“The path to AI monetisation is clearest for Microsoft,” says Sophie Lund-Yates, lead equity analyst at Hargreaves Lansdown. “Its substantial AI investments have driven gains in its formidable cloud business, and its other products are also easily kitted out with AI additions.” 

“While there are rumblings of tech-spending pullbacks, the overriding message is that Microsoft remains potentially the biggest beneficiary of AI demand over the longer-term, when compared to its immediate peers,” she adds.

Should you invest in Nvidia?

Nvidia’s share price continues to reach record highs – and investors on the sidelines will be disappointed they didn’t snap it up earlier. But there are risks associated with investing at the top of the market. This begs the question, will Nvidia continue to soar?

The investment case all rests on the group’s “cutting edge”, “market leading products” and “hugely dominant market share,” according to Lund-Yates. “Nvidia relies on a small number of customers for the bulk of its revenue, but these are high calibre names, who have a lot to lose by dabbling with lesser proved chip technology,” she adds. 

Indeed, generative AI requires enormous computing power to work, and Nvidia’s chips facilitate this. They can carry out technical processes faster and with greater energy efficiency than many competitor chips. The company describes itself as having “pioneered accelerated computing to tackle challenges no one else can solve”. 

Some valuation-focused investors might worry that Nvidia – and Big Tech in general – has entered a bit of a bubble. But investors believe AI will revolutionise the world around us. It’s these future opportunities that they are pricing in. 

Of course, there are risks associated and a regulatory clampdown could create headwinds. There are also concerns that AI is too energy-hungry, and that electricity grids might not be able to cope. We explored this topic in a recent MoneyWeek article: Should you invest in the US stock market and will Big Tech crash?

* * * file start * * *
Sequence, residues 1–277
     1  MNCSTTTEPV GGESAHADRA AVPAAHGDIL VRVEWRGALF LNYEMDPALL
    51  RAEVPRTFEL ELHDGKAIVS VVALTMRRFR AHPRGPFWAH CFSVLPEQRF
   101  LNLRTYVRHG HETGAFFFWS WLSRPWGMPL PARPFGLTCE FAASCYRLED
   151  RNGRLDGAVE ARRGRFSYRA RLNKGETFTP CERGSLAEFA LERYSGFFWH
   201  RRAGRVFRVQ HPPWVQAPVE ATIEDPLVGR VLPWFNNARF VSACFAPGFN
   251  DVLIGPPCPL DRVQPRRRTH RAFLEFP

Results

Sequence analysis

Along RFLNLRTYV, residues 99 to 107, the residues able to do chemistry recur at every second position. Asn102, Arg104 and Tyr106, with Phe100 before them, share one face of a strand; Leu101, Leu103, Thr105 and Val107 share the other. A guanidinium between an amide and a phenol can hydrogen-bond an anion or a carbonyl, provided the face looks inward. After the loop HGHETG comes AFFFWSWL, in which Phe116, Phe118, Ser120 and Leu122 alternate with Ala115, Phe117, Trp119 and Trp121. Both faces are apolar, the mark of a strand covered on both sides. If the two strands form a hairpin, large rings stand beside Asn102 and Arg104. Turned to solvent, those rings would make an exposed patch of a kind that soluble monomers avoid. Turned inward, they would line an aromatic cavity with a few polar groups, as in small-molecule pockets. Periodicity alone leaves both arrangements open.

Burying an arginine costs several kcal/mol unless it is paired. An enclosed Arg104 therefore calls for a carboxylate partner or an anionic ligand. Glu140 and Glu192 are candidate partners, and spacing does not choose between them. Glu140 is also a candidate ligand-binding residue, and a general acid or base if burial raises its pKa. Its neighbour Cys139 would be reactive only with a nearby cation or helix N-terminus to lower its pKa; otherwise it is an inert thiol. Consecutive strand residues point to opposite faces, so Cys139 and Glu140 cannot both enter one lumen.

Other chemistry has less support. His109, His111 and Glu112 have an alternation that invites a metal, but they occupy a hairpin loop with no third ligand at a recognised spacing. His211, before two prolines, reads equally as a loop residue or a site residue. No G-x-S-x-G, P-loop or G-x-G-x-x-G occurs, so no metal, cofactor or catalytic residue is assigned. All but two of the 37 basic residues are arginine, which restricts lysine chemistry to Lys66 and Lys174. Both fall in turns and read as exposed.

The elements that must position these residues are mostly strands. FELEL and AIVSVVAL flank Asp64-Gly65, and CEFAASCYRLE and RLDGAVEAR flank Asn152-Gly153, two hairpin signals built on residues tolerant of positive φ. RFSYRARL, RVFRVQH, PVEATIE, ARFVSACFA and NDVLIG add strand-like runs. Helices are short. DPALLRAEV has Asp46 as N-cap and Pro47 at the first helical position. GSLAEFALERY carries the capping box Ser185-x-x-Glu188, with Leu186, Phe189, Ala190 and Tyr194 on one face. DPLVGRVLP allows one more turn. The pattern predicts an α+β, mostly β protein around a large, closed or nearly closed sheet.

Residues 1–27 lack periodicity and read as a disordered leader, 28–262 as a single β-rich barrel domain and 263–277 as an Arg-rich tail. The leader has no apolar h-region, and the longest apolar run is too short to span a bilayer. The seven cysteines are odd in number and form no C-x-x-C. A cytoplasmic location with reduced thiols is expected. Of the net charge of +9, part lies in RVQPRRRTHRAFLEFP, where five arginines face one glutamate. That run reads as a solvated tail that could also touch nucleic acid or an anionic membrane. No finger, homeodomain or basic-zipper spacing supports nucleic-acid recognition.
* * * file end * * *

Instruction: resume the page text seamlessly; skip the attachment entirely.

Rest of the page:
Another risk for Nvidia investors is that the market becomes more competitive – a challenge Tesla is facing at the moment.

As the AI revolution wages on, other chipmakers will continue to invest in their technology in an attempt to snap at Nvidia’s heels, even if they’re not quite there yet. Competitors include the likes of Intel, Advanced Micro Devices and Qualcomm. 

What’s happening with Nvidia’s stock split?

As well as hitting the $3 trillion mark, Nvidia is in the headlines this week with a stock split. On Friday 7 June, common stock investors will see each of their shares divided in ten. 

The company explains that this should “make stock ownership more accessible to employees and investors”. At the time of writing (prior to the split), a single share costs more than $1,200. 

Once the stock split is carried out, Nvidia’s share price will fall – but Mould points out that investors shouldn’t panic. “The market value of the business won’t change, just its share price,” he explains. It is a technical event. 

Sometimes, stock splits can encourage a period of outperformance as they attract a wider pool of investors by making shares more affordable. That said, many trading platforms have offered fractional shares in recent years, helping get around the affordability problem.